There’s been some frankly bizarre talk about the earthquake being an economic boon for the country. I guess the Right is just desperate for anything to improve the economy under National. So, I thought it would be worthwhile going through the economic ramifications of the earthquake from the immediate effects to long term:
Initial effects: The economic heart of Christchurch is shut down. About $2 billion worth of damage has been done, much of this damage will impede economic activity. Infrastructure is damaged as are buildings and factories. People are dislocated, injured, or busy trying to get their personal lives together. People needing elective surgery are unable to get it. In economic terms, the large parts of both the capital and labour needed for production are out of action.
Westpac, using a model derived from the Los Angeles and Napier earthquakes, estimates that $300 million of economic activity will be lost (0.2% of GDP). ASB chief economist Nick Tuffley puts the hit at 0.6% of GDP. NZIER was already forecasting that growth in this December quarter would be -0.2%. That’s likely to be much worse now.
The damage will include businesses that are already on the brink thanks to the recession going to the wall and hundreds if not thousands of job losses. Those workers who lose their jobs will flood an already bad jobs market. The government will lose tens of millions of dollars in tax revenue and face big increases in costs from emergency benefits, ACC claims, and its share of the cost of rebuilding local infrastructure before we even get to the EQC payouts. The added borrowing needed to fill the gap will probably mean the government has to pay more interest on its debt.
The Earthquake Commission, logically, has most of its assets offshore, and so do the insurance companies. To make the payouts, they’re going to have to buy a lot of New Zealand dollars – higher demand equals higher exchange rate. Offsetting this, possibly, is that it just became much less likely the Reserve Bank will increase interest rates again, which should dampen demand for the dollar. Overall, the effect is that we haven’t seen a sharp fall in the currency, which would have been a boon for exporters, that you might expect from a disaster like this.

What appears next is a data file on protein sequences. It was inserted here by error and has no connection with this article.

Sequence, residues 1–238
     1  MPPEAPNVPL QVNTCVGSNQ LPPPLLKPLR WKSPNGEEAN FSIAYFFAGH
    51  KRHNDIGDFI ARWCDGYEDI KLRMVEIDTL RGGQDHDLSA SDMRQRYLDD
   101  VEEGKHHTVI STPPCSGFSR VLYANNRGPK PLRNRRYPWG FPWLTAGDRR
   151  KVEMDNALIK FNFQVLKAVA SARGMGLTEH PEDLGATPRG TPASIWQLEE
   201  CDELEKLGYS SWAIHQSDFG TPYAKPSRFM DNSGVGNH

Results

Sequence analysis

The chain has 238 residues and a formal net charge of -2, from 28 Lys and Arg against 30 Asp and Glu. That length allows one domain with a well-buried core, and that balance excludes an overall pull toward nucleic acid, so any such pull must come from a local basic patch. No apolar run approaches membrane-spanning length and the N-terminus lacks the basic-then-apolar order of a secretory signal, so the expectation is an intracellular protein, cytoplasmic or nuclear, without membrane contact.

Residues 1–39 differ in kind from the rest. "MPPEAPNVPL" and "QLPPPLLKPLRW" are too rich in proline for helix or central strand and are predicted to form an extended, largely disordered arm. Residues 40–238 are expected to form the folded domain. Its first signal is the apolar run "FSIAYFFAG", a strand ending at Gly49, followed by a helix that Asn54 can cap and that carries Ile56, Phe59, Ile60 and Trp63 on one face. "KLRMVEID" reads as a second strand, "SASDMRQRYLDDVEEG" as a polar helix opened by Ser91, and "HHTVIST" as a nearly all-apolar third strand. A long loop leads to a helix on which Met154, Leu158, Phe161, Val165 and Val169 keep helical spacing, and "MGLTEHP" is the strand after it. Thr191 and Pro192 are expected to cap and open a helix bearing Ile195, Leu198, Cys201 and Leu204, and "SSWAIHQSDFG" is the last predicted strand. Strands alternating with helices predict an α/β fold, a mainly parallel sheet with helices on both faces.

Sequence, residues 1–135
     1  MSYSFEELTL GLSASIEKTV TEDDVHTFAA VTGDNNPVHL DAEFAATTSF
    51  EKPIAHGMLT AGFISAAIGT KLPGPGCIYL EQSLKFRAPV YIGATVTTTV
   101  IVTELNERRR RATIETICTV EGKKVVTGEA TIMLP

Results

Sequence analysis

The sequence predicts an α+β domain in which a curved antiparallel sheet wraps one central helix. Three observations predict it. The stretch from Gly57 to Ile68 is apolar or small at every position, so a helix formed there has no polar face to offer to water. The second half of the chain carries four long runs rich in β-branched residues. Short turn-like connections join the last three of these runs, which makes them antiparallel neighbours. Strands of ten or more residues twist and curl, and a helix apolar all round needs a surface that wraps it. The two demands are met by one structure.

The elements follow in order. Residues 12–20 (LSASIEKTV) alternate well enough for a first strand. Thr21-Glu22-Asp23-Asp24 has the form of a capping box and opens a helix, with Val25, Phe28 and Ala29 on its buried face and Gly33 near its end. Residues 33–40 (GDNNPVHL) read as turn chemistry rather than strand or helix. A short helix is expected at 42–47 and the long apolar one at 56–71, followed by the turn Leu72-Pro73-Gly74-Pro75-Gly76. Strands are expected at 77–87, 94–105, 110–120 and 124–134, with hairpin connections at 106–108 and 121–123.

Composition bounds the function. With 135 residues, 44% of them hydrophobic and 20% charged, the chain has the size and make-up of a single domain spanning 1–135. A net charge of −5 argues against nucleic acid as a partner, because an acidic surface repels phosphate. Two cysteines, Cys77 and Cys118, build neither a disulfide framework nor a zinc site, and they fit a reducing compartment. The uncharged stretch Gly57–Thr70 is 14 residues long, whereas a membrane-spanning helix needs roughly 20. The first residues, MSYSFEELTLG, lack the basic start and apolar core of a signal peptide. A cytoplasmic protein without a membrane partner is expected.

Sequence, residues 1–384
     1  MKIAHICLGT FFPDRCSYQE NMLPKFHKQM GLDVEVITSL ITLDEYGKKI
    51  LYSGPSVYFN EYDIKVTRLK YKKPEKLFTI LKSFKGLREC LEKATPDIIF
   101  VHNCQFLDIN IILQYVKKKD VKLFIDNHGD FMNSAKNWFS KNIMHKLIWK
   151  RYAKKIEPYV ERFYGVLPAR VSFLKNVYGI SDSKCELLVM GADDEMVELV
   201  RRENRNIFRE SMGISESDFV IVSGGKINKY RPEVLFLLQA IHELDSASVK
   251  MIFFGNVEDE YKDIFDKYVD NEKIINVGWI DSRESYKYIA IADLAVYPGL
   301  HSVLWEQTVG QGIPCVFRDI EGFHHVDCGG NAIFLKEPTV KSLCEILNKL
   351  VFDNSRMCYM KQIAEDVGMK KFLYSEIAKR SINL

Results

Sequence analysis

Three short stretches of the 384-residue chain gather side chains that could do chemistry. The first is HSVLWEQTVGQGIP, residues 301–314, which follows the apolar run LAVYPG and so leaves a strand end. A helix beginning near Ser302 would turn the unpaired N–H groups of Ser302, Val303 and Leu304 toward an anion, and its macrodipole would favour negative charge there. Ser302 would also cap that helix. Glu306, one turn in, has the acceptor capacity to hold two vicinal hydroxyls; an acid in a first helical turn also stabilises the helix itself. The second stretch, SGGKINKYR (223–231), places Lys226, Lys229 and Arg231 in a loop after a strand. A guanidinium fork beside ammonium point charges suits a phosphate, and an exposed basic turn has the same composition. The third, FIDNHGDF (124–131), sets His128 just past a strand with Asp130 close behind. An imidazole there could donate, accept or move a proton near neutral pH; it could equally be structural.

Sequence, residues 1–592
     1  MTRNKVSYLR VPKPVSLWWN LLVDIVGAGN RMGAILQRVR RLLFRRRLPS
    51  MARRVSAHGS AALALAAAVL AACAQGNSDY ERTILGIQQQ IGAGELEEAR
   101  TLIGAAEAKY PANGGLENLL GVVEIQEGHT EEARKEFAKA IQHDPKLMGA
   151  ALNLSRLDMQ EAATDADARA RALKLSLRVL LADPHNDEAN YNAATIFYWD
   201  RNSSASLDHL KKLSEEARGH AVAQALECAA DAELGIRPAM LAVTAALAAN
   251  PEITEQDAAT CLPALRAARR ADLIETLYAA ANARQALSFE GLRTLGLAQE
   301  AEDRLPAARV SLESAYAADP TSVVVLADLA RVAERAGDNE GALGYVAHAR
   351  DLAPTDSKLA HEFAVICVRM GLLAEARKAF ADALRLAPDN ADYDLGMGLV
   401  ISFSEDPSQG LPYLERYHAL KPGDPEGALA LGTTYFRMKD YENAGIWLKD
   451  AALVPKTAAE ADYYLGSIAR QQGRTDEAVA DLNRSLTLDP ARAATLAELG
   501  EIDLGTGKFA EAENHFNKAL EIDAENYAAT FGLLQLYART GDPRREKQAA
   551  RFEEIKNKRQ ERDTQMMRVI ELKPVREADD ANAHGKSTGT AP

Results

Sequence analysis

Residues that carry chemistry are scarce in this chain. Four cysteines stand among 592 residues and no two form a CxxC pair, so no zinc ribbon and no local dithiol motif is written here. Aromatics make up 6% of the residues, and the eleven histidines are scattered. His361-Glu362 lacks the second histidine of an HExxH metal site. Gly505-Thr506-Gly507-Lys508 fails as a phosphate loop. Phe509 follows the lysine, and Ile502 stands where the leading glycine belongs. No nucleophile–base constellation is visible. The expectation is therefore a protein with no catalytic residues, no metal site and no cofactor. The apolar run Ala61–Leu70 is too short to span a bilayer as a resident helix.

Medium term: EQC and insurance companies will begin making payouts within weeks but it will be months before the big rebuilding starts. The rebuilding will increase GDP by about 1% of a year’s output when it is spent because GDP simply reflects economic activity in a given time period not accumulated wealth. But that will only be returning the country’s physical wealth to where it was before, it will not be real economic gain.
If I break my cellphone and have to dip into my savings to replace it, I am not better off, I am worse off – even if the new phone is better because obviously I had preferred to have my old phone and my savings rather than the new phone. The same is true of the need to spend our savings on rebuilding. People who say it’s good for the economy are forgetting that the rebuilding is funded by giving up our savings and the option to spend them elsewhere. That’s the broken windows fallacy – it mistake of seeing what is gained but not what is lost, or mistaking temporary economic activity for economic wealth.
It is good timing, however, in one sense. The slow-down in commercial construction was about to put 20,000 jobs at risk. At least they’ll have something to do for a while now, and the construction industry has the spare plant and equipment for the rebuilding task. Of course, that’s just jobs that would otherwise be lost saved, not new jobs created.
Longer term: once the rebuilding is over, there will be little to show for it. The boost of the rebuilding itself will not be permanent and will contribute little to long-term production capacity. Once the rebuilding is over, the GDP boost will disappear. That’s true of a stimulus package too, of course. But the idea is that a stimulus package gets the economy revved up again and builds up its production capacity. The rebuilding of Christchurch will not be like that it’s not going to create sustainable economic momentum or add greatly to the productive capacity of Christchurch.
As Westpac noted “This will boost national GDP by far more than the initial income loss, with a corresponding letdown once the reconstruction boom ends.” Just as with the Rugby World Cup, the one-off up-tick in GDP will be matched by a corresponding downwards movement when the spending stops. This is not a permanent increase in economic output.
This boom and bust might further damage business confidence and, with it, longer-term growth.
Ultimately, about $2 billion of capital from the government and private insurers will be converted into expenditure to rebuild the capital that was lost. In the end, we replace the physical assets by running down our financial assets via a temporary increase in economic activity but our national wealth is decreased – that can’t be forgotten.
Of course, I and others have been arguing for some time that the government should decrease its net assets to more economic activity. Of course, we meant by borrowing, rather than selling assets like the EQC will but essentially it’s the same thing from the perspective of the government books. The difference is that, without the earthquake, we could have spent that money on re-igniting the economy and making a wealthier country for the future. Now it needs to be spent just on what was lost.
We’re going to be left with higher net debt, which we will either pay interest on or pay down – either option means less consumption/lower economic standard of living in the long term